I'm surprised that the Roadster, which is so low to the ground, has a higher CdA than the much larger Model S. Oh, well, I believe you folks. I'm just surprised.
Now when we talk about efficiency, are we talking about the same driving profile for both cars? Or are we talking about driving each car as each was intended to be driven? A sporty sedan vs a high-performance sports car! I know someone over on Prius Chat who is an early Model S reservation holder and is a high-mpg Prius driver. I expect him to drive his Model S in such a way as to maximize range and efficiency. I like to feel the thrust, and I drive my Roadster pretty hard. Comparing his Model S to my Roadster is a real apples-to-oranges comparison.
If you're talking about me,Daniel, I have a feeling I'll be driving the Tesla significantly more aggressively than the Prius. With electricity cost so small compared to gas, the range more than enough for me to "play" with, and the available torque I forsee taking the highway more often and probably exceeding the speed limit a bit more as well. May employ some hypermiling techniques from time to time just for fun, but one advantage is using zero gas and not having to think about technique.
To put this in context perhaps it would be useful to see where the discussion started. Initially I was commenting in the Carbon footprint clarification thread stating that Roadsters would produce better results than the Leaf that was used in the subject study. The moderators started this new thread when the discussion veered to discuss efficiency comparisons between the Model S and Roadster.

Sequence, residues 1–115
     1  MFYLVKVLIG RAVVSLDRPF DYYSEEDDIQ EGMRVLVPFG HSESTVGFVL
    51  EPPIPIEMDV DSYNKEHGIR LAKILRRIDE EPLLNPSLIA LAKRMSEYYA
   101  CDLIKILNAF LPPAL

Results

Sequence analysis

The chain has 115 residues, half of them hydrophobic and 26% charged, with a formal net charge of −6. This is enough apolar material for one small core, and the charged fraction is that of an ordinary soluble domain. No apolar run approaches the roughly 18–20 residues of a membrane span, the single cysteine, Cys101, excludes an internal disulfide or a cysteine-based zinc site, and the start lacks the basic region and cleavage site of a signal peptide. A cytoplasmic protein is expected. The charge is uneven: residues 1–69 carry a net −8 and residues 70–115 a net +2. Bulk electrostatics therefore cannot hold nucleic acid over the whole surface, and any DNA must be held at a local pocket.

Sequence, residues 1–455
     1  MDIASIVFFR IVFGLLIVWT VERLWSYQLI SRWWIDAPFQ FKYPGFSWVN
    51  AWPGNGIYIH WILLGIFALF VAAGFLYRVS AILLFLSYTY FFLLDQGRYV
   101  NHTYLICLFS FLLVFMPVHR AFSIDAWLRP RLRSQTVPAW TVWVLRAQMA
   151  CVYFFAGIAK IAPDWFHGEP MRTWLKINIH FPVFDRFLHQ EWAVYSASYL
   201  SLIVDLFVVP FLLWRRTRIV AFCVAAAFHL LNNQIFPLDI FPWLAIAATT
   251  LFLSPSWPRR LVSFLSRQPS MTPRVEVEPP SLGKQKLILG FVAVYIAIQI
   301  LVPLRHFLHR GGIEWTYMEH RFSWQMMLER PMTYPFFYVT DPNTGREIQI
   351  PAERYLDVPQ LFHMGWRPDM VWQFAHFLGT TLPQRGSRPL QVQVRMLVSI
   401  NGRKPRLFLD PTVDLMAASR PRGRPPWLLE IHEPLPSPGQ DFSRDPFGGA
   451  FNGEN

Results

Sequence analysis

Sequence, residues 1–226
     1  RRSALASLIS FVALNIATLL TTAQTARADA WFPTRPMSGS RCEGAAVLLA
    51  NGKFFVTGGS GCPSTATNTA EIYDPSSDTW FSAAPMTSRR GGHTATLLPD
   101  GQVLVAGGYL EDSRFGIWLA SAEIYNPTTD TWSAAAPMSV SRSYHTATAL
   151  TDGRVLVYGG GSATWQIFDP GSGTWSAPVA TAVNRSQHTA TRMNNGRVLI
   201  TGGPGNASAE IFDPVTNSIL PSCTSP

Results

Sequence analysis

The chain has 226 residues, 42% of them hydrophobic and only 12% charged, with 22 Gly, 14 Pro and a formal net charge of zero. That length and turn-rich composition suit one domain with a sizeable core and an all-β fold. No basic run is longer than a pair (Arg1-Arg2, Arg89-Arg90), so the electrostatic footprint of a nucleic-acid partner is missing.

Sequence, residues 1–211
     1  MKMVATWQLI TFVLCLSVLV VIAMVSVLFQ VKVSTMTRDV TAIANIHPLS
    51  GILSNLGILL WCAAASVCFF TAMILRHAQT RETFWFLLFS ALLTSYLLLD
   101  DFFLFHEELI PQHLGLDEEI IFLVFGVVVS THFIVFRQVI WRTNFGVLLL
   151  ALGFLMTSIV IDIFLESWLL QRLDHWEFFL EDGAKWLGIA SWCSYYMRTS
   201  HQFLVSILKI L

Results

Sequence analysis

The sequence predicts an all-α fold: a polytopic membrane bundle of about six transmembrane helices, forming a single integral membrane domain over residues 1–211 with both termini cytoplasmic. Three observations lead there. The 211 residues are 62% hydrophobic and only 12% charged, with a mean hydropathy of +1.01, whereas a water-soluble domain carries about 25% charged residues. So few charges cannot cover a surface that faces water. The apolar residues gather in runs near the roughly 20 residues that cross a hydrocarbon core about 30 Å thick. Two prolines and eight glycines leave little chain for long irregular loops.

Anyway, to answer your question I was discussing efficiency as quantified by the watt-hr/mi characteristics of the respective vehicles. The subject U.C.S. study used 340 watt-hr/mi for the Leaf. From Tesla's published watt-hr/mile vs. speed graph for the Roadster I was able to estimate that at 55 mph the Roadster would draw about 230 watt-hr/mile.
A similar chart for the Model S would be helpful in addressing our comparisons because it would incorporate all of the factors, weight, rolling resistance, aerodynamics, etc., in one aggregate efficiency number at various speeds.
Perhaps one of the more knowledgeable forum members can confirm this, but I would imagine that when measuring or calculating efficiency of vehicles, pains are taken to reduce differences induced due to driving style, inclined driving conditions, wind, etc.